Wood Markets reported that The U.S., Canada, Europe, and China are all expected to post gains in lumber consumption in 2018, with estimated global growth coming in at 2.1 percent.
In 2019, as well, all major consuming regions are likely to see increases, led by the U.S. and China at up to 7 percent growth each; however, certain countries (Canada and some European nations) might show only moderate growth.
Wood Markets also reported that in both 2019 and 2020, total global softwood demand is projected to expand by 2.8 percent. In terms of global softwood lumber production, 2.4 percent growth is estimated for 2018, with 2.2 percent projected for 2019. This will be led by an impressive gain of up to 4.5 percent in the U.S. that will tend to have a sustaining influence on output around the world. Smaller gains are more probable in other regions.
For the complete report, visit www.woodmarkets.com.
CBS News reported that as former U.S. Interior Secretary Ryan Zinke exited Washington, he told the Associated Press that he has lived up to the conservation ideals of Teddy Roosevelt and insisted that the myriad allegations against him will be proven untrue.
Zinke said the changes he made meshed with Roosevelt’s beliefs and were needed to unfetter energy companies held back by unreasonable drilling curbs.
“Teddy Roosevelt said conservation is as much development as it is preservation,” Zinke said, quoting from a 1910 speech by the Republican president. “Our work returned the American conservation ethic to best science, best practices ... rather than an elitist view of non-management that lets nature take its course.”
Research by the think tank Chatham House, reported by the BBC, underlines the need for drastic changes in the production and use of concrete (the world’s most used man-made material) because of how cement is produced. Its key ingredient is responsible for eight percent of global CO2 emissions.
Anthony Thistleton, director of Waugh Thistleton Architects, a pioneer and champion of the use of cross-laminated timber (CLT) on multi-story buildings, called on architects to move out of the “concrete age” and into the “timber age.”
“Concrete is beautiful and versatile but, unfortunately, it ticks all the boxes in terms of environmental degradation,” he said. “We have a responsibility to think about all the materials we are using, and their wider impact.”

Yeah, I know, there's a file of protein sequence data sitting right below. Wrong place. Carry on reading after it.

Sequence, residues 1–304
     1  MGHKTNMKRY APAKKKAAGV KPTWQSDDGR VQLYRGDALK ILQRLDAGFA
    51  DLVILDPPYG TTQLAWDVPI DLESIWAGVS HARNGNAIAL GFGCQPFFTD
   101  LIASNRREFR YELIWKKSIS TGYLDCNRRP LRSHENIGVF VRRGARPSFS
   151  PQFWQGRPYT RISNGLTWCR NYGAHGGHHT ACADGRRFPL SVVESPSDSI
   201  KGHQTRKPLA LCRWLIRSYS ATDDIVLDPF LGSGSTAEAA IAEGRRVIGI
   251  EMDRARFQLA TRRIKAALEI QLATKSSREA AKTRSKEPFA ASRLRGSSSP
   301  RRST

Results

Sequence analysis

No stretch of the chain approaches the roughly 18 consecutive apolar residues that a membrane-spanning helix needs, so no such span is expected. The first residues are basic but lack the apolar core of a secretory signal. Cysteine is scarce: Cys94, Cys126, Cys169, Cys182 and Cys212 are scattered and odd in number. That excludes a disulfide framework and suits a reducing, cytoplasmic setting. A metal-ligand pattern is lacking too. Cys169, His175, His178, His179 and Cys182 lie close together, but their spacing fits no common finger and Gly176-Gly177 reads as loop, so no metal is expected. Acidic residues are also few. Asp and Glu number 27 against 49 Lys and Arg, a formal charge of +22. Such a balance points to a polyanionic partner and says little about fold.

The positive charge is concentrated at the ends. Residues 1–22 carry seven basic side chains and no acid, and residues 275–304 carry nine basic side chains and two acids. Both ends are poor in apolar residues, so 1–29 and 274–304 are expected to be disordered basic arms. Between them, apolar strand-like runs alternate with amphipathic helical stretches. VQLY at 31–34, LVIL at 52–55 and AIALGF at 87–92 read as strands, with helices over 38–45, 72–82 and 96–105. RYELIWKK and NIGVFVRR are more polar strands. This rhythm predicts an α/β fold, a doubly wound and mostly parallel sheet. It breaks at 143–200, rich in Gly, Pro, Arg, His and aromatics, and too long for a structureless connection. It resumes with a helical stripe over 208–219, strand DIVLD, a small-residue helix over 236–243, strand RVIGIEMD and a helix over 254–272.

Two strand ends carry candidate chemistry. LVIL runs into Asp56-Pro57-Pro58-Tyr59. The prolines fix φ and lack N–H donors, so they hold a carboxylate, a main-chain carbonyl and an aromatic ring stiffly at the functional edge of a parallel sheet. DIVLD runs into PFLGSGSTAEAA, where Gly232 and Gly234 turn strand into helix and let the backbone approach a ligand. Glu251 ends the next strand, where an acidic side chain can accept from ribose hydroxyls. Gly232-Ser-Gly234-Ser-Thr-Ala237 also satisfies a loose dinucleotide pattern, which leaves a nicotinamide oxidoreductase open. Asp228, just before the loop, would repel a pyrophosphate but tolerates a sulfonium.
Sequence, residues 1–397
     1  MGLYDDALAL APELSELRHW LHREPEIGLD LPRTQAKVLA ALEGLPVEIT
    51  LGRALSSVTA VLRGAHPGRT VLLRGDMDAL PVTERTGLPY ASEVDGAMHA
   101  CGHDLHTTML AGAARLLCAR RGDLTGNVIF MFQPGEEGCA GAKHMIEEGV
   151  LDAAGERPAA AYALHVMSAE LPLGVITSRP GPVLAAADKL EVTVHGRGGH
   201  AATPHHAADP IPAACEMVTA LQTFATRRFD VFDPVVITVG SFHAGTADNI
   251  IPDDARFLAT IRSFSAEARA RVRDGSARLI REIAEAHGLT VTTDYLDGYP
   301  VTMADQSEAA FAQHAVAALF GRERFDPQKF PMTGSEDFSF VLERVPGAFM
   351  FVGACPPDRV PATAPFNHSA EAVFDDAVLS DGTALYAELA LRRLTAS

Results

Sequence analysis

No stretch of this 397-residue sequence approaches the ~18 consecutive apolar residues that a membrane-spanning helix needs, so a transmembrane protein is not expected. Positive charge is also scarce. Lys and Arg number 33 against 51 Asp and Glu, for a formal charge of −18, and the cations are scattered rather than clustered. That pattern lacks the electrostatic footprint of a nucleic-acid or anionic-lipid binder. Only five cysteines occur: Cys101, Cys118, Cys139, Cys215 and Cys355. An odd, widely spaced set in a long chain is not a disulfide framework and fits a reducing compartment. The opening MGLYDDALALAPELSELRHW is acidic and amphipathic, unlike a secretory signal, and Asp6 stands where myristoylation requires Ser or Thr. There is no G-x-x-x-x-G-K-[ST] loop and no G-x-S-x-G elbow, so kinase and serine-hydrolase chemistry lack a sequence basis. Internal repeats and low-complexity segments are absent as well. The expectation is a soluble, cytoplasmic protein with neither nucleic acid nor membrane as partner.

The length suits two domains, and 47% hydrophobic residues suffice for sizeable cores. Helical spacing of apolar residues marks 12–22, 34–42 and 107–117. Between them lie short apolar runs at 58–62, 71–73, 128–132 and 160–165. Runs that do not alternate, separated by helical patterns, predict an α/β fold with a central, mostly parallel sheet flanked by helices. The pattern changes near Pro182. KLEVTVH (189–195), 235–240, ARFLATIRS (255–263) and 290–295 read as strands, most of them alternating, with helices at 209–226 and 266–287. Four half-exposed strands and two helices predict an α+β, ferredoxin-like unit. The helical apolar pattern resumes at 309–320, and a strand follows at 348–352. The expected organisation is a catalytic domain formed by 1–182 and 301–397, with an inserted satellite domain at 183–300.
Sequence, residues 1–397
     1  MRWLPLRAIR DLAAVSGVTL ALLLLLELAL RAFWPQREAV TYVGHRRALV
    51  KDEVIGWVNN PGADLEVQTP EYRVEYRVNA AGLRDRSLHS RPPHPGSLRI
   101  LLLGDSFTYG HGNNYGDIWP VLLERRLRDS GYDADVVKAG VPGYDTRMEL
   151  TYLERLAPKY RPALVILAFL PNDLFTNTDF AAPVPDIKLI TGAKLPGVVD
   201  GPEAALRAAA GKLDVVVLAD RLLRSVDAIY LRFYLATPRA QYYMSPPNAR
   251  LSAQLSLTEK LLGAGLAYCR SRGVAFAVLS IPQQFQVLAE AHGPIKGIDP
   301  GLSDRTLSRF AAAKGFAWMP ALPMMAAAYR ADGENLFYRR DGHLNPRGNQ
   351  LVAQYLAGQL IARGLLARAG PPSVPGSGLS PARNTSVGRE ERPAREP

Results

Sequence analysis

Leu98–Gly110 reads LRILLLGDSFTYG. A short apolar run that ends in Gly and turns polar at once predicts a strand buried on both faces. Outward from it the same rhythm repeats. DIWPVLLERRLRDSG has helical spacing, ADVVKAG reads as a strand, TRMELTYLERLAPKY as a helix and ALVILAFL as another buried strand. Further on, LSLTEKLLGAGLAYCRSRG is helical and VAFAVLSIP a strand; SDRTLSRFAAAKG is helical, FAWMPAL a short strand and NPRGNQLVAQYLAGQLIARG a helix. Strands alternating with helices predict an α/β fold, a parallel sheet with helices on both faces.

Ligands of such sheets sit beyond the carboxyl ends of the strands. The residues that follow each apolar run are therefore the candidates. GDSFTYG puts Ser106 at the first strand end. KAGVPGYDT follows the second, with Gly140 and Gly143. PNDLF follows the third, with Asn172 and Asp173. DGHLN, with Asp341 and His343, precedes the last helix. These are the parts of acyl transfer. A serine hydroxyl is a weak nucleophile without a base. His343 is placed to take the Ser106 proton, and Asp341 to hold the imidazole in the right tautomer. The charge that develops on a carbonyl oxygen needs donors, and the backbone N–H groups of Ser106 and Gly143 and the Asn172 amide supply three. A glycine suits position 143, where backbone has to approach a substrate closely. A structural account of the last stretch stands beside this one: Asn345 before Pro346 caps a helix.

Executive Order on Forest Management
In late December, an executive order was issued. It was entitled Promoting Active Management of America’s Forest Rangelands and other Federal Lands to Improve Conditions and Reduce Wildfire Risk.
The order states that it is the policy of the United States to protect people and communities, and to promote healthy resilient forests, rangelands, and other federal lands by actively managing them through partnerships with states, tribes, communities, nonprofit organizations, and the private sector.
“The USDA Forest Service applauds [the] executive order and the president’s commitment to focusing more robust efforts toward active management of American forests and grasslands,” said Vicki Christiansen, chief of the USDA Forest Service. “This executive order, along with support and authorities under the 2018 Omnibus bill, will have a positive impact on our ability to improve conditions on the land. The natural resource challenges before us require collective action by everyone involved, and we look forward to working with federal partners, states, tribes, key stakeholders, and members of the public. We will do the right work in the right place at the right scale using advanced science and mapping tools. We will use all the tools available to us, including mechanical treatments, prescribed fire, and unplanned fire to mitigate the risk of catastrophic wildfire.”
In December, Idaho Governor C.L. “Butch” Otter, Governor-elect Brad Little, and U.S. Department of Agriculture Undersecretary Jim Hubbard signed a Shared Stewardship Agreement to treat thousands of acres of Forest Service lands in Idaho that are in poor health and susceptible to catastrophic wildfire.
The AFRC reported that twenty million acres are managed by the Forest Service in Idaho. At the request of the governor, 6.1 million of these acres have been designated by the Secretary of Agriculture as high priority landscapes in need of active management.
The agreement commits the Forest Service and the State of Idaho, through the Idaho Department of Lands (IDL), to grow the already effective partnership established under the Good Neighbor Authority (GNA) in order to accelerate the pace and scale of forest restoration.
On the Cover
Photo taken by Barbara Coyner of Danielson Logging harvesting on a steep slope.
New column looks at up and coming forestry innovations.
Forestry is About to Get Some Help from the Air
DroneSeed is making an impact in the woods.
Winch-Assist and New Approaches
Danielson Logging of St. Maries, Idaho, uses various techniques for the job.
Not your Grandfather’s Wagner
Hampton Lumber is first to put the New Generation Wanger L90 into operation.
Apprenticeship in the Woods
Connecting students with future careers.